So, this is a picture of what my driveway looks like right now. This is about a third of the soil that we will eventually need to have delivered to us in order to cultivate the side of the lawn pictured here. This is because we are three inches away from bedrock, maybe less. This was a huge shock when we were planting roses a couple of years ago. I knew we were close to the bedrock, but had no idea at all that it was at most, three inches down. We live in the shadow of the mountain, in its water-basin, and the mountain guards us, but oh it does make gardening a challenge!
A local gardener suggested that we have proper soil delivered and so we have done. It’s beautiful soil too, rich and lush and black. We decided to do three separate deliveries to make it all easier and less intimidating to shovel and rake out. After two days of working on that, I decided to hire someone because with my back injury, I just can’t do it. Fortunately, a local farmer, a young woman contacted us almost immediately after I put the add out and all this should be sorted by the weekend. I’m grateful for the help and she is happy with the work. It’s a win-win. A friend said, “that’s a lot of money you’re paying” (I had set a rate I was comfortable with and thought fair when I posted my ad) and I promptly responded, “After doing this myself for the last two days, it’s worth every penny and more.” It’s labor. (Normally Sannion would help whip it right out but he’s had some pain issues lately, esp. with the cold weather, and I’m not willing to risk it).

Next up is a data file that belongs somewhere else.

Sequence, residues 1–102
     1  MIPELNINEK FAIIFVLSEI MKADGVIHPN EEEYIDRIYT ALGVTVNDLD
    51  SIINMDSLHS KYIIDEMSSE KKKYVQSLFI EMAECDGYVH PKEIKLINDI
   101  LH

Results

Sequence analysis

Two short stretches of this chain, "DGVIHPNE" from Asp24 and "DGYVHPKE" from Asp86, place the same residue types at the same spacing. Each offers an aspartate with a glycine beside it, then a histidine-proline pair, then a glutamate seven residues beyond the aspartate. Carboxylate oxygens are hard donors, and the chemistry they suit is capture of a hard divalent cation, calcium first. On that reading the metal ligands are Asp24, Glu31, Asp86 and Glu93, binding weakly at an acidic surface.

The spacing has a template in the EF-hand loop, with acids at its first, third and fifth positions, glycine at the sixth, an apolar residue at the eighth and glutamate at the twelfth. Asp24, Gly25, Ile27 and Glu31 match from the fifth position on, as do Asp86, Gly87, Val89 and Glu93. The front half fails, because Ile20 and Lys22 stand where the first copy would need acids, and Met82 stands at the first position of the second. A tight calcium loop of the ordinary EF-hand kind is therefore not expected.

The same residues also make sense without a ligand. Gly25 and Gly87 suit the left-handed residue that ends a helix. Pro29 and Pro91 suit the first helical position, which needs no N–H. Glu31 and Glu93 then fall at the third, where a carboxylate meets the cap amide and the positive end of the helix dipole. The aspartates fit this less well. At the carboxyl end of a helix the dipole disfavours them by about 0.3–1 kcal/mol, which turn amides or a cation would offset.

This weekend, we’ll be making offerings to Erda, using a version of the Acerbot charm and setting out eggs, bread, milk, honey, and beer at the four corners of our home, the four corners of the yard that will be our garden.
In the meantime, since I know that we are unlikely to have the best harvest in our first year, the household has joined a local CSA. We buy shares in a local farm’s vegetable crop. I drive past the farm we chose almost weekly as it’s not far from my friend Mary Ann’s house. Starting the end of May, we’ll have weekly vegetables and the opportunity to pick herbs and flowers if we so choose. If we have too much, I’ll share with the neighbors or can them for later use. This way, I can be supporting local farmers too. We are still considering our meat and egg options but I suspect that once Covid restrictions are over, the local farmer’s market will handle that.
That’s one of the things our ancestors have pushed us to do: develop a network of farms, farmers, farmer’s markets, etc. because no one needs to do every single thing, but we can support and sustain each other.
More to come, I am sure, though right now I feel as though I shall never move from this sofa again lol.
My household is currently focused on turning our lawn into a working vegetable garden. We’re planting vegetable, fruits, and also medicinal herbs. It’s something we’ve wanted to do for years but it’s been a little overwhelming. Now, being at home due to Covid, it’s provided a perfect opportunity to really focus on learning how to work — and work with — the land.